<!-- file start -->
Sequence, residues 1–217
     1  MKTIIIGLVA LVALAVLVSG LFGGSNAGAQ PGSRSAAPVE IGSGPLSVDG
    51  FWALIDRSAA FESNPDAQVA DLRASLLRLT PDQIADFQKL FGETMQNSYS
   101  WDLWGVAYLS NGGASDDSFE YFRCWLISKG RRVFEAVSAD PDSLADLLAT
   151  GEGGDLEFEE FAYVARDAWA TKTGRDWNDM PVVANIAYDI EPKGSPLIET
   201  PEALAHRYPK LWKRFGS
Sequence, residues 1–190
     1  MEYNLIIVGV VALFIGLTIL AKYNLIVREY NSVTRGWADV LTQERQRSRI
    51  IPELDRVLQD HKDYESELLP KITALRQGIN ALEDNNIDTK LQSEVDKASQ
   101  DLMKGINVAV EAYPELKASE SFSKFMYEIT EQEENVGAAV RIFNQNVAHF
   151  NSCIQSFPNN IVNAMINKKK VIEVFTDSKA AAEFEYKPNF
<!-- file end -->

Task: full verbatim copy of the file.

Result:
Sequence, residues 1–217
     1  MKTIIIGLVA LVALAVLVSG LFGGSNAGAQ PGSRSAAPVE IGSGPLSVDG
    51  FWALIDRSAA FESNPDAQVA DLRASLLRLT PDQIADFQKL FGETMQNSYS
   101  WDLWGVAYLS NGGASDDSFE YFRCWLISKG RRVFEAVSAD PDSLADLLAT
   151  GEGGDLEFEE FAYVARDAWA TKTGRDWNDM PVVANIAYDI EPKGSPLIET
   201  PEALAHRYPK LWKRFGS
Sequence, residues 1–190
     1  MEYNLIIVGV VALFIGLTIL AKYNLIVREY NSVTRGWADV LTQERQRSRI
    51  IPELDRVLQD HKDYESELLP KITALRQGIN ALEDNNIDTK LQSEVDKASQ
   101  DLMKGINVAV EAYPELKASE SFSKFMYEIT EQEENVGAAV RIFNQNVAHF
   151  NSCIQSFPNN IVNAMINKKK VIEVFTDSKA AAEFEYKPNF